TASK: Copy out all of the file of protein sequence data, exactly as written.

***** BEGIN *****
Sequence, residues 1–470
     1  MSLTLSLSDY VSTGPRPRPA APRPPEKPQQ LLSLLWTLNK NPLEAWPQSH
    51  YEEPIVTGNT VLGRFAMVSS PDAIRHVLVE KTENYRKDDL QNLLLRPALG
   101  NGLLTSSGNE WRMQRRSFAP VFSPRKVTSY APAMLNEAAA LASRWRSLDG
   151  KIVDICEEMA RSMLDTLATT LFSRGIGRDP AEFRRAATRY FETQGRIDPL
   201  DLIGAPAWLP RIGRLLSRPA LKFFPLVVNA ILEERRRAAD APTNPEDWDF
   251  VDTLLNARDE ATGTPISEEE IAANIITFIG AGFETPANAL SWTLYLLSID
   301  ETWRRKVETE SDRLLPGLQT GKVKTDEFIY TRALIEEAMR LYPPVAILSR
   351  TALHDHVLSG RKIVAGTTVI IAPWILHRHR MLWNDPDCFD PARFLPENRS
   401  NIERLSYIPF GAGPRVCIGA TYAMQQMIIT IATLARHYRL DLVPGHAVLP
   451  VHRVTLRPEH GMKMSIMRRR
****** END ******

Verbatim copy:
Sequence, residues 1–470
     1  MSLTLSLSDY VSTGPRPRPA APRPPEKPQQ LLSLLWTLNK NPLEAWPQSH
    51  YEEPIVTGNT VLGRFAMVSS PDAIRHVLVE KTENYRKDDL QNLLLRPALG
   101  NGLLTSSGNE WRMQRRSFAP VFSPRKVTSY APAMLNEAAA LASRWRSLDG
   151  KIVDICEEMA RSMLDTLATT LFSRGIGRDP AEFRRAATRY FETQGRIDPL
   201  DLIGAPAWLP RIGRLLSRPA LKFFPLVVNA ILEERRRAAD APTNPEDWDF
   251  VDTLLNARDE ATGTPISEEE IAANIITFIG AGFETPANAL SWTLYLLSID
   301  ETWRRKVETE SDRLLPGLQT GKVKTDEFIY TRALIEEAMR LYPPVAILSR
   351  TALHDHVLSG RKIVAGTTVI IAPWILHRHR MLWNDPDCFD PARFLPENRS
   401  NIERLSYIPF GAGPRVCIGA TYAMQQMIIT IATLARHYRL DLVPGHAVLP
   451  VHRVTLRPEH GMKMSIMRRR